Always A Silver Lining

I’ve written about the divorces in my life and how they’ve affected me. I’ve also written about a lot of the good that’s come out of my own divorce as it has been the driving force behind the journey of self discovery and acceptance I’ve been on since. (You can find all these posts in my archives if you’re interested.) What I haven’t written a whole lot on is the GREAT that came out of my parent’s divorce which is where my mind is today…thankful for the silver linings

If you look hard enough you can find the good that comes out of any bad situation. It may not be the glaring silver lining you read about in books or see in movies. It may be as little as the shift in your perspective or the empathy you now have for others that comes solely from having “been there”. It’s these little linings that are many times overlooked and some times the most important. I often hear how detrimental divorce is to children and there is truth to that, but having been a child of divorce there are several things I consider to be blessings and wouldn’t change if I had the choice. It’s these “blessings” that kept me going through my own divorce. They afforded me the security that everything was going to be okay, and for that I am grateful! Here are some of my silver linings.

1. My parent’s divorce taught me what NOT to do in my own divorce. I know I’ve said it before, but it was a priceless lesson and I’m glad I learned it the first time around because how many of you know it can take many repetitions of a lesson for it to finally sink in? Please know that I don’t blame my parents for the state of their divorce. I understand that divorce is an ugly monster just in it’s natural form so to do it any differently takes vulnerability, and opens you up to criticism from those that love you and want to protect you. Either way there is nothing easy about it, but in the end I know I made the right choices for mine.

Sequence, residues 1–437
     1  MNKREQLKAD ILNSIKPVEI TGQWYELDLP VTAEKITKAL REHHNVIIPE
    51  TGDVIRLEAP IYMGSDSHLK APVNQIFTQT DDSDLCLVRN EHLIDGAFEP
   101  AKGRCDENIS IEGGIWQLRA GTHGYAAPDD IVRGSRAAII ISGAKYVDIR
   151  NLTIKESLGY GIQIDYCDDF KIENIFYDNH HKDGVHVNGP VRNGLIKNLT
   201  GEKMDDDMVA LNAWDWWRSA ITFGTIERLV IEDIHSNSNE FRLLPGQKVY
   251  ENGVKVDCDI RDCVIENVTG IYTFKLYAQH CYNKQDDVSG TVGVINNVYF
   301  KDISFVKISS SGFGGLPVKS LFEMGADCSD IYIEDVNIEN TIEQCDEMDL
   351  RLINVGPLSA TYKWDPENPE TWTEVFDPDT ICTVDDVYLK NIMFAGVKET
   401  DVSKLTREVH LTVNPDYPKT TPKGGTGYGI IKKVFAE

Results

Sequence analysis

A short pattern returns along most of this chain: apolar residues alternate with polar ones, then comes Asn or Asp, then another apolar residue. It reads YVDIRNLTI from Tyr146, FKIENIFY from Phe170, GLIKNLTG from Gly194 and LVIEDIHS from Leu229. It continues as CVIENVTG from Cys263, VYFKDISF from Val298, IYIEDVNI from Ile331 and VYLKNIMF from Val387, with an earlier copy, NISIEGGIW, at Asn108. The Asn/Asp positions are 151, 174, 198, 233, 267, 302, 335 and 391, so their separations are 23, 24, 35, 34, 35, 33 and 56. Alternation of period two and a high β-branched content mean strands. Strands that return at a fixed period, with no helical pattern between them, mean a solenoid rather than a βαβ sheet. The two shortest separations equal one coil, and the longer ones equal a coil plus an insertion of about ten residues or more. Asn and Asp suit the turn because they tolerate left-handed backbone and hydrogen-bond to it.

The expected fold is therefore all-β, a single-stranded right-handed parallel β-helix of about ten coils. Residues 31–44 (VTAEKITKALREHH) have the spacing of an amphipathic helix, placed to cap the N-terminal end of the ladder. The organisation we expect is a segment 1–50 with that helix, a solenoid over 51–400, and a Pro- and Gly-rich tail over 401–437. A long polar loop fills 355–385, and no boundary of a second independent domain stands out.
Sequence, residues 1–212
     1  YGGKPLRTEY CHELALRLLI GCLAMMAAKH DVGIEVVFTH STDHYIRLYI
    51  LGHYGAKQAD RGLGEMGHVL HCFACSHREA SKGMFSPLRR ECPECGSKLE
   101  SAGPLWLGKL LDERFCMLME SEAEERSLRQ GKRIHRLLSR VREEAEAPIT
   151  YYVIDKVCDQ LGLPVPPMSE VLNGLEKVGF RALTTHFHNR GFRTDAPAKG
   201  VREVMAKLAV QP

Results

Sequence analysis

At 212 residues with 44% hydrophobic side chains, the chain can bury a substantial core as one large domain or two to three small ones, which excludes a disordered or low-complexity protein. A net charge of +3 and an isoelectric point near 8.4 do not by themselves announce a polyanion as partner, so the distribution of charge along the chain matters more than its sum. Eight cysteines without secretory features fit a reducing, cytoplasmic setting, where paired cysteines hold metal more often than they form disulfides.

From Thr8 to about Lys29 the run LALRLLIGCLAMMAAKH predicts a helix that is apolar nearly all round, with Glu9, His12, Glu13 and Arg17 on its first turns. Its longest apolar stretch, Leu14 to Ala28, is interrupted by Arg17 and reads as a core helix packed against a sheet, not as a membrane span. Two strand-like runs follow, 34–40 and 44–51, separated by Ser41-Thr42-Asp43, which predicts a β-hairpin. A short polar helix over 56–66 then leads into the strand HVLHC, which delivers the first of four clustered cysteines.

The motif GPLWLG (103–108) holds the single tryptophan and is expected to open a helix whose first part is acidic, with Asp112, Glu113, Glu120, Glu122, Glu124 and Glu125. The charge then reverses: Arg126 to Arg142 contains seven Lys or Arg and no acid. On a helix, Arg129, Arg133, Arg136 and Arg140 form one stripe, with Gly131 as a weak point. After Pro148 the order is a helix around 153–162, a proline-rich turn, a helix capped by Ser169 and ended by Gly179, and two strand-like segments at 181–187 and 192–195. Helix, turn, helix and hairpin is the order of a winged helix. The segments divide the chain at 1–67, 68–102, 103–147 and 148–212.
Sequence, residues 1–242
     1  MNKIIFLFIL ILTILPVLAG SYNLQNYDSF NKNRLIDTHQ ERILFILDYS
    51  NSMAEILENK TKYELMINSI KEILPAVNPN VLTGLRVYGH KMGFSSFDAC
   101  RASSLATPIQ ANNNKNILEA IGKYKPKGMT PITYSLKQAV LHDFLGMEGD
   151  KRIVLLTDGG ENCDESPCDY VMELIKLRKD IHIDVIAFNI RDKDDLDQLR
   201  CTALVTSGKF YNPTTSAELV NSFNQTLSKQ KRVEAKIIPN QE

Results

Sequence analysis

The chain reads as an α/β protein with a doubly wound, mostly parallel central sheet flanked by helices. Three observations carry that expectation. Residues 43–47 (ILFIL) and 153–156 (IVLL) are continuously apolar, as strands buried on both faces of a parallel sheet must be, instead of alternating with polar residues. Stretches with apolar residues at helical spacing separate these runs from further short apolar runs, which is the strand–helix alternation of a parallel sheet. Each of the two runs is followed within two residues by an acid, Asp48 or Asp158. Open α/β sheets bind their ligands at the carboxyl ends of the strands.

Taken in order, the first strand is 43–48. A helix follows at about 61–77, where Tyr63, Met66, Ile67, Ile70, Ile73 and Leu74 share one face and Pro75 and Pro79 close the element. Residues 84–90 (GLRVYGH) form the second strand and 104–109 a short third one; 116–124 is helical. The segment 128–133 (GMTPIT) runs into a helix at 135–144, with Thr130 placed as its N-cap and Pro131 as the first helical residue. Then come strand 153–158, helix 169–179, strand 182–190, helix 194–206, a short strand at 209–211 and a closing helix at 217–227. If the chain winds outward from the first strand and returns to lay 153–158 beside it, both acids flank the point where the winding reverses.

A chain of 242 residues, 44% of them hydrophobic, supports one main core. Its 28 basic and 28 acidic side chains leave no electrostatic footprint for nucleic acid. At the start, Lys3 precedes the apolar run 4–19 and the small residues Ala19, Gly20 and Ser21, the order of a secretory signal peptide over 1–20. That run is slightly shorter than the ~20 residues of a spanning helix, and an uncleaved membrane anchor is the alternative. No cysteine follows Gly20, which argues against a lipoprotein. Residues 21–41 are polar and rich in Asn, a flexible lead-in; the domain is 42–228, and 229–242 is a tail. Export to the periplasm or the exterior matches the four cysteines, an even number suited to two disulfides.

2. My parents get along better now than they ever did. This may be hugely due to the fact they there’s not much communication between them at all anymore, but there was a time when they had to communicate. I’m proud of them for learning to be civil to one another. In fact, there were several times they went above and beyond civility. Besides the expected events like graduation, weddings and showers, there were times when my parents voluntarily shared the same space.

  • At a friends house as we were getting ready for a high school dance. (I have a picture with me sandwiched between my mom and my “step”-mom.)
  • At my Pop Pop’s viewing. My mom was there to offer support no matter that the loss was on my dad’s side. My family (including my dad) welcomed her presence there and she was a huge help with her grandchildren.
  • At my Aunt’s house on my dad’s side for Thanksgiving. My dad’s family invited my mom. Again she was welcome and I know it had to take courage for her to voluntarily go and be surrounded by those that supported my dad. But she did and I believe it’s because she knew they all loved her kids and how can you not appreciate that?